On top of that, the Lobbying Disclosure Act of 1995, defines the rules lobbyists must follow if they're going to ply their trades on Capitol Hill. Lobbyists must meet certain criteria and must report twice a year whom they represent, how much they were paid and on which issues they lobbied. For lawmakers, a host of ethical rules in both the House and the Senate govern gift-giving, travel, conflicts of interest and the closeness of relationships between lawmakers and lobbyists.
"As long as we stay within those bounds, we're doing everything that the law requires," Miller said, adding that his organization has its own ethical standards, which serve as more of an honor code. "There are a lot of people that hold themselves to a higher level" of ethics than the LDA provisions, he added.
"There's a very fine line between what is considered legal and ethical and legitimate, and [what constitutes] bribery," said Eliason, who is also an adjunct professor of corporate crime at American University and George Washington University.
Eliason offered examples of where the line is drawn. A lawmaker who makes a financial deal in exchange for a vote is over the line. An elected official who accepts a campaign contribution and later says he is considering a group's concerns has walked up to the line but may not have crossed.
"If they go so far as to make some sort of express deal, then all of a sudden it can become criminal," Eliason said. "There's a lot of nodding and winking and that's why I say the entire campaign finance system we have is in some way a sort of organized, legalized bribery."
According to PoliticalMoneyLine, total federal lobbyist spending for the first six months in 2005 was $1.12 billion, and for all of 2004 it was nearly $2.14 billion. The Center for Responsive Politics reports Abramoff and his clients gave approximately $4.4 million to candidates over the past five years, including $2.9 million to Republicans, and $1.5 million to Democrats.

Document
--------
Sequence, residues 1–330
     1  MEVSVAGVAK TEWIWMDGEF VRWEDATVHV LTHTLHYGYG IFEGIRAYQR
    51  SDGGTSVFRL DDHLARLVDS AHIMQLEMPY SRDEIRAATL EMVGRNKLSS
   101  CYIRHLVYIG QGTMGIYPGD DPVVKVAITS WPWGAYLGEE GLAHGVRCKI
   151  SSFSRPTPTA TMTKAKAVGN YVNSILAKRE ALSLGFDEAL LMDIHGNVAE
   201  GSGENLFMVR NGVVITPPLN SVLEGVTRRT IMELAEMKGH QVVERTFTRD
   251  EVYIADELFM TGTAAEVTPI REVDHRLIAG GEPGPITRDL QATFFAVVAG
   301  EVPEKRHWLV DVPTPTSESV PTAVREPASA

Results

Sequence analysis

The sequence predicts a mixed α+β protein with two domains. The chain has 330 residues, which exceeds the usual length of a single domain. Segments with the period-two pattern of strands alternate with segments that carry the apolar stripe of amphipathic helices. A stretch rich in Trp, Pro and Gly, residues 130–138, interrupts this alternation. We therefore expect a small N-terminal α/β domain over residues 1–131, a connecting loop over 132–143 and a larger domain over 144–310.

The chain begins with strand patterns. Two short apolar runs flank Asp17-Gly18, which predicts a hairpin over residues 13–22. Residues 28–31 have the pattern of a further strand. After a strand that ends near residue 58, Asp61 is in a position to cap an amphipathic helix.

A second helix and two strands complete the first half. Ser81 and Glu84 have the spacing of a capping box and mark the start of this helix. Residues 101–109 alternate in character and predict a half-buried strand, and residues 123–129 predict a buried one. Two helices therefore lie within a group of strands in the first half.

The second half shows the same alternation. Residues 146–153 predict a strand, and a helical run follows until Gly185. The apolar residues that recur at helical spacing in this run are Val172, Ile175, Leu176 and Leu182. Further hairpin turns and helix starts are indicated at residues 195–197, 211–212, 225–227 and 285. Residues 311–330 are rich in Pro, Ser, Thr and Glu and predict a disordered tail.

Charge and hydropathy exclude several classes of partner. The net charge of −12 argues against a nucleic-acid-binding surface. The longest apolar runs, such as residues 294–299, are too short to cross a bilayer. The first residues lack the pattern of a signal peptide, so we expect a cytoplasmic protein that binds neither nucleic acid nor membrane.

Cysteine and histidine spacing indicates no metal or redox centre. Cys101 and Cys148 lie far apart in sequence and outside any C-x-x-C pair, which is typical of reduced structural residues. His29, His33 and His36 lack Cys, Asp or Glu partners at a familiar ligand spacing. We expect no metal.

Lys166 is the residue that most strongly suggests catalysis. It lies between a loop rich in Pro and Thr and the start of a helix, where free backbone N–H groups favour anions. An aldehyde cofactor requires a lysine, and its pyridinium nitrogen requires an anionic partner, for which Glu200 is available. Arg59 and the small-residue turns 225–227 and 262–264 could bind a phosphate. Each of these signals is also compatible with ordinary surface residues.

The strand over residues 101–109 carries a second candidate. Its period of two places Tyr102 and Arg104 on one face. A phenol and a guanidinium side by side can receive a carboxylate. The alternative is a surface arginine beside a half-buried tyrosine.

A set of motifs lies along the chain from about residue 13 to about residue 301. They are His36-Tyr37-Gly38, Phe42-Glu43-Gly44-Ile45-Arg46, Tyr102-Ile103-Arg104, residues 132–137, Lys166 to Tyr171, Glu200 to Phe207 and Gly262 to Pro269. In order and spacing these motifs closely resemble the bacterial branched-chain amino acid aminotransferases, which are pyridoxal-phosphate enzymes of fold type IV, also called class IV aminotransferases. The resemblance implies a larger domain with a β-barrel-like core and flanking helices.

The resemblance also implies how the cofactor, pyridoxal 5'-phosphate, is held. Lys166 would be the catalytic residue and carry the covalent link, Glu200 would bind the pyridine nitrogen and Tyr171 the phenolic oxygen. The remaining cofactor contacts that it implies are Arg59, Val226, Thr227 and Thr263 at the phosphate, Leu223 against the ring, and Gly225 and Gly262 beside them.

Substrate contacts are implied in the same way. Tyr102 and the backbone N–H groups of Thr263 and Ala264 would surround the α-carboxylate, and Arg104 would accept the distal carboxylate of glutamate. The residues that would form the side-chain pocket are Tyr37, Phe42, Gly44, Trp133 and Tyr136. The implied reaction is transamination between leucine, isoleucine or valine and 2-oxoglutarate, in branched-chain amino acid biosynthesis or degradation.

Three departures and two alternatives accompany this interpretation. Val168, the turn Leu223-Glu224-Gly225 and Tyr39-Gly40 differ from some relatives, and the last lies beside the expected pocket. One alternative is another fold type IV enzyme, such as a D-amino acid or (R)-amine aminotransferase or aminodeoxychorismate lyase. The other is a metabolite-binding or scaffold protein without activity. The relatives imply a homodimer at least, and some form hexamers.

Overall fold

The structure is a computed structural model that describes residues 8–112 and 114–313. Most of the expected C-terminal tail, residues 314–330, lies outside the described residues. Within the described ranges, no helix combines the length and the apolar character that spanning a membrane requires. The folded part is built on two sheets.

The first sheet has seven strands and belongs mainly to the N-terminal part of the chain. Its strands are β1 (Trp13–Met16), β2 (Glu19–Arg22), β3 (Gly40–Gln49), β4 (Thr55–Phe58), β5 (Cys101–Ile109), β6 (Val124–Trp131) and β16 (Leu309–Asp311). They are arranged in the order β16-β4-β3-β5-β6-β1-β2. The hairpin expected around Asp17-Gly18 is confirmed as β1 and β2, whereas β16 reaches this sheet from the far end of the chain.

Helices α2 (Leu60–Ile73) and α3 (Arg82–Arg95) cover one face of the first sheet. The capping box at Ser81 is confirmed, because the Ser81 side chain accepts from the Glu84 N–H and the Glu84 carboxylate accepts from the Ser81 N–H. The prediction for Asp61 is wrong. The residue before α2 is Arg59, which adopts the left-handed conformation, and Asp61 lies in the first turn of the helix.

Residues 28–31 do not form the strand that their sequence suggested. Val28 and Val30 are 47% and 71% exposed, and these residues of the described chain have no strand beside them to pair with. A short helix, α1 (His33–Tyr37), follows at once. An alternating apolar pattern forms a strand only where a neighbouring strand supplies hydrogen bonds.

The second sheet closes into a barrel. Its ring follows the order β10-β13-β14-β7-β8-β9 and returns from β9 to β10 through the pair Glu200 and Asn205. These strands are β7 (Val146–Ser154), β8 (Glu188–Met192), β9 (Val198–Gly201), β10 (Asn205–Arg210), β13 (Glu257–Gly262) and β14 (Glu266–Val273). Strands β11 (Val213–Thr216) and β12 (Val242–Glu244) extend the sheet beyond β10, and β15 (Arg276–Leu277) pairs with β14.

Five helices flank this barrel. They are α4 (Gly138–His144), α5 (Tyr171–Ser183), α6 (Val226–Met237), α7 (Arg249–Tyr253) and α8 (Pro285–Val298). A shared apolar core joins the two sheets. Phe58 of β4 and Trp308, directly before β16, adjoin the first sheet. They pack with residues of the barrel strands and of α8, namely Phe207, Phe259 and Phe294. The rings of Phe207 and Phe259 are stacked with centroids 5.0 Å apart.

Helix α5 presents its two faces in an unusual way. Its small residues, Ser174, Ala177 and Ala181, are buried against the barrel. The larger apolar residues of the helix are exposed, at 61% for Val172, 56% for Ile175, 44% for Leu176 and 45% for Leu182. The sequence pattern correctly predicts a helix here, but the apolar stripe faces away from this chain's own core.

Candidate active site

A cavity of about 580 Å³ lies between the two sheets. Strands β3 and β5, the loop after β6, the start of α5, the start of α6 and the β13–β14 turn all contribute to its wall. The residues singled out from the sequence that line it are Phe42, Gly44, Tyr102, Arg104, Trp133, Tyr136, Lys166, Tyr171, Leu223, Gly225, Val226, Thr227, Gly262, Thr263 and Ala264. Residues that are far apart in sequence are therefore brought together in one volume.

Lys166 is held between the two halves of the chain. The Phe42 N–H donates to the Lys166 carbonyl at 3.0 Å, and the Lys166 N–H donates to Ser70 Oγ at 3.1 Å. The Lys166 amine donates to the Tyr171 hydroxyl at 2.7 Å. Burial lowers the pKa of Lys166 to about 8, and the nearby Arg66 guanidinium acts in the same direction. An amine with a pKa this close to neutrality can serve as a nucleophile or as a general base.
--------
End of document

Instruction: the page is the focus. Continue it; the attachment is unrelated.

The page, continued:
Senate and House rules allow lawmakers to accept travel expenses, but not from lobbyists or lobbying firms, and those expenses must be reported. Lobbyists, however, are allowed to assist in arranging travel like booking flights and scheduling. Disclosure reports also show foreign-sponsored travel for many lawmakers.
Miller said travel can be necessary for lawmakers to visit projects they're considering supporting, like new auto plants, military installations and other sites that are in the public interest. But when travel comes up for his clients, Miller said he steps out of the equation and tells his client to work directly with the congressional members' staffs.
When Abramoff helped pay for lawmakers' trips to Scotland, "that's a step over the line," Miller said.
Abramoff also used sports arena skyboxes and his "Signatures" restaurant to entertain lawmakers, apparently running up against congressional ethics rules on gifts. The House and Senate rules set dollar limits on gifts and take into consideration language in the United States Code that bans the solicitation or asking of gifts for personal benefit. An exception is made for the solicitation of gifts for charities or political campaigns.
Eliason said he believes the laws defining official bribery are strong enough for successful prosecutions. The hard part is proving whether an agreement was made in the form of a quid pro quo, or one action in exchange for another. Abramoff's plea deal will be crucial in giving investigators the language they need to determine if a lawmaker passed over the line.